The Stanford University School of Medicine has announced a $55 million challenge gift from alumnus ('60) John Arrillaga to eliminate medical school debt for incoming students with demonstrated need.
To be matched by other philanthropic and institutional resources, the gift will generate $90 million in scholarship funding over the next decade to cover both tuition and living expenses for qualified students, doubling the amount of assistance the university can offer incoming classes. Stanford Medicine began offering enhanced financial aid packages to members of the fall 2019 class and, with the gift from Arillaga, expects to be able to provide financial assistance to all lower- and middle-income students in the incoming class. The school also hopes that eliminating the debt burden for students with need will allow them to consider less lucrative specialties in medicine as well as careers in research and testing.
A Bay Area real-estate developer and philanthropist who received financial aid as a student-athlete, Arrillaga is a longtime supporter of the university. His previous gifts include $151 million in 2013 — the largest gift from a living donor in Stanford history — and $100 million in 2006.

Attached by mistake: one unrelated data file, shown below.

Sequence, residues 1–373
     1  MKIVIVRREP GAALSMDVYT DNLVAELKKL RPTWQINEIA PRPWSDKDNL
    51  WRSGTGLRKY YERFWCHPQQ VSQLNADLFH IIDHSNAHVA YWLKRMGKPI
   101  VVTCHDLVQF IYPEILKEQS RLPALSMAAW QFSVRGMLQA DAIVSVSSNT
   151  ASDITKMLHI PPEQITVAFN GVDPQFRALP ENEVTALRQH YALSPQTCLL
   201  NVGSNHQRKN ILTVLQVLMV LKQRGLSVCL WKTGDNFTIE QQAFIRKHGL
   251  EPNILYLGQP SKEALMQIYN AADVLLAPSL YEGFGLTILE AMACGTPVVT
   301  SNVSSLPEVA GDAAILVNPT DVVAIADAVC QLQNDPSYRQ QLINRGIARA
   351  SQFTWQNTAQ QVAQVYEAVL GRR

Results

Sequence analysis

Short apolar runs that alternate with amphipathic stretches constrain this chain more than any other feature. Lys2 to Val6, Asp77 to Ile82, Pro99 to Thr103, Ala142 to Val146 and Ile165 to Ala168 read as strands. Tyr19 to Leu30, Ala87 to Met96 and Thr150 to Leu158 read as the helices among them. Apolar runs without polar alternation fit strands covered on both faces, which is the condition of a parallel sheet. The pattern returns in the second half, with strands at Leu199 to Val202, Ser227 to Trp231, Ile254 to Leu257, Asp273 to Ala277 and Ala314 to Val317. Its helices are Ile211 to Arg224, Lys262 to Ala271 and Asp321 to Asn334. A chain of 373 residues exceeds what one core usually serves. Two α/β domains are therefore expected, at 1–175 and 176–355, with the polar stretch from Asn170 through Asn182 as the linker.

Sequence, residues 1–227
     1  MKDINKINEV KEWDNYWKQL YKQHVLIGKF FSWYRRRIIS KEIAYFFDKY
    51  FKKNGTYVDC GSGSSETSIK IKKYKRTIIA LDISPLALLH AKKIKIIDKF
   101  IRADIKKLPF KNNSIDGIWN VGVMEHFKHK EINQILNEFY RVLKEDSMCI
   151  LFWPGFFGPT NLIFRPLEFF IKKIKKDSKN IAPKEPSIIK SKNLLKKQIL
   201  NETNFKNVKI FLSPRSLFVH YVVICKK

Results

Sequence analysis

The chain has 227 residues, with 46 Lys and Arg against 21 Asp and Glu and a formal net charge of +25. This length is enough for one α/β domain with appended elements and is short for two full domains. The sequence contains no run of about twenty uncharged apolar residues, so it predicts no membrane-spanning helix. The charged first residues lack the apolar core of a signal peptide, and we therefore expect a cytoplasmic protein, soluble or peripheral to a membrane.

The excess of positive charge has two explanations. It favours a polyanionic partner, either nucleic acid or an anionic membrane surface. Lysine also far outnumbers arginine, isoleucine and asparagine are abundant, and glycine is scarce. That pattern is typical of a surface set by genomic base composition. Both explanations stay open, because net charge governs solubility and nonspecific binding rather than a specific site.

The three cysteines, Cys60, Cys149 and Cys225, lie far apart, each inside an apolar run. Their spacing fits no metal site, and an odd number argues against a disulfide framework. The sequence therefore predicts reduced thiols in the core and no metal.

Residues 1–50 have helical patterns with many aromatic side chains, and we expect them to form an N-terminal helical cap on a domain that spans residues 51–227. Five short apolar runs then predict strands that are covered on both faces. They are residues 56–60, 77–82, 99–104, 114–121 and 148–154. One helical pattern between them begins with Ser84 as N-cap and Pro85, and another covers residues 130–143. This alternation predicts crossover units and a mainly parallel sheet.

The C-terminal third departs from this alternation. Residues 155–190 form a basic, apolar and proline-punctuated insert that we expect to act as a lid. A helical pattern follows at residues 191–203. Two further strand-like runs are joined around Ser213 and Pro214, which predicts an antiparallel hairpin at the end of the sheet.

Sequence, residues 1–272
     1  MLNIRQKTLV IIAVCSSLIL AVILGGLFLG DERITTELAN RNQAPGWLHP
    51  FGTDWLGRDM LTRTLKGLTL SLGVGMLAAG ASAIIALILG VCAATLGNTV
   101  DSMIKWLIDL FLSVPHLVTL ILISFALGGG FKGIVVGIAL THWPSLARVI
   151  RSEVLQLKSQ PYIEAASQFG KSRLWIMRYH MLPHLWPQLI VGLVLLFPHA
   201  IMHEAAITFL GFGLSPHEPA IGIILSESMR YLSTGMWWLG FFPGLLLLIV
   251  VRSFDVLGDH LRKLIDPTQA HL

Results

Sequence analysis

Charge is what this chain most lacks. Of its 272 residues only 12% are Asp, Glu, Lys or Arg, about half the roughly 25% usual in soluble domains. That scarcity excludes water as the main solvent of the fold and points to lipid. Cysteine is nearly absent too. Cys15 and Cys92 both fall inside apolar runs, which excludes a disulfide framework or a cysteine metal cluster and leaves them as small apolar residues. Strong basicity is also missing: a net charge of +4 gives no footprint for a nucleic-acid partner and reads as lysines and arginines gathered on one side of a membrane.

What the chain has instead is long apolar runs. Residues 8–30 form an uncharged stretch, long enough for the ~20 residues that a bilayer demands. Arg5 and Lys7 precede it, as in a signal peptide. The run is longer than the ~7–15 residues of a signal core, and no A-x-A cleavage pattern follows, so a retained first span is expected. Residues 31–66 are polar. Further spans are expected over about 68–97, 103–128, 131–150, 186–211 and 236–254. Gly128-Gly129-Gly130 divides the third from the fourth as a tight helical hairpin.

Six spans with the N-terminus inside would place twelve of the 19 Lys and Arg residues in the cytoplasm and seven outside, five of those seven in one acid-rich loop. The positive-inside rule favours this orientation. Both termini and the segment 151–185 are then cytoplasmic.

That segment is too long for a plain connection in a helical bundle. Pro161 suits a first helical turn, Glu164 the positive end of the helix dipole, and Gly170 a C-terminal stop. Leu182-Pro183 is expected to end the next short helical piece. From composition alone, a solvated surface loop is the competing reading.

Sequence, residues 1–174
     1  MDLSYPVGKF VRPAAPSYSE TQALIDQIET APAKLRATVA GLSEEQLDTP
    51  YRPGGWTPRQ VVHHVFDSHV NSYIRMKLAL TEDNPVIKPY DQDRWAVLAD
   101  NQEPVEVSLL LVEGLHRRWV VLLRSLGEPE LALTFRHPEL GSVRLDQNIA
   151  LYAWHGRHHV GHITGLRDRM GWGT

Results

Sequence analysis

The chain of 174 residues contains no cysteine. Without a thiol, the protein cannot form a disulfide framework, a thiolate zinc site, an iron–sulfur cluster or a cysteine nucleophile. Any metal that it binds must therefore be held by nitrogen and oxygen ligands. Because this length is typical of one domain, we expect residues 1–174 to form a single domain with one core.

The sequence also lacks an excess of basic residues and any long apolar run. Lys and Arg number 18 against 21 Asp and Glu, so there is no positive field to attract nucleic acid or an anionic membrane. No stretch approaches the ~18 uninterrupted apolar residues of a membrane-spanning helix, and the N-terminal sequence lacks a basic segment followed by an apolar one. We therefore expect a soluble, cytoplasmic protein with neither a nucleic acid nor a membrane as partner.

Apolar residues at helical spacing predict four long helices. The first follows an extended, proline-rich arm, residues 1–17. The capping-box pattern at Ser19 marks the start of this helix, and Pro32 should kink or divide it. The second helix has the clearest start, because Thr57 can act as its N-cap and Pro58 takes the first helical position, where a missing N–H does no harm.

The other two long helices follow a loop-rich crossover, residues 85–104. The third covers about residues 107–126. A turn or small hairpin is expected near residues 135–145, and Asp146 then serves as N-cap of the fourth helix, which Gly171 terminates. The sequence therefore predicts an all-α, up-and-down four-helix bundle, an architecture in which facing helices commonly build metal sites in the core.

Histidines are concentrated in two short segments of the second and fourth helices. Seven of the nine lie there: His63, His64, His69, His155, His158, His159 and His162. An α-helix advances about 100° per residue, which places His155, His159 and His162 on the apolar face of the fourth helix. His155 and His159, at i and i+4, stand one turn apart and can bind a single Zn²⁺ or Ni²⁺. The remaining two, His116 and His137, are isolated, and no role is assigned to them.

"Our hope is to address the rising cost of medical school by eliminating the financial pressure for those students who feel it most," said Lloyd Minor, the Carl and Elizabeth Naumann Dean at Stanford Medicine. “Also, because we live in an area with such a high overall cost of living, we appreciate that tuition-free does not necessarily mean debt-free. Merely addressing tuition costs is not sufficient, as students must often take out large loans to cover their room, board, and other living expenses. With this extraordinary gift, we are able to secure a program that is inclusive of an individual student’s total need."
"I hope this gift will attract a diverse group of the best and brightest students from every socioeconomic background to the university and bring a Stanford Medical School education within reach for any student who may not have been able to consider it otherwise," said Arrillaga. "I believe that focusing aid on students with established need is what is best from an equity and opportunity standpoint."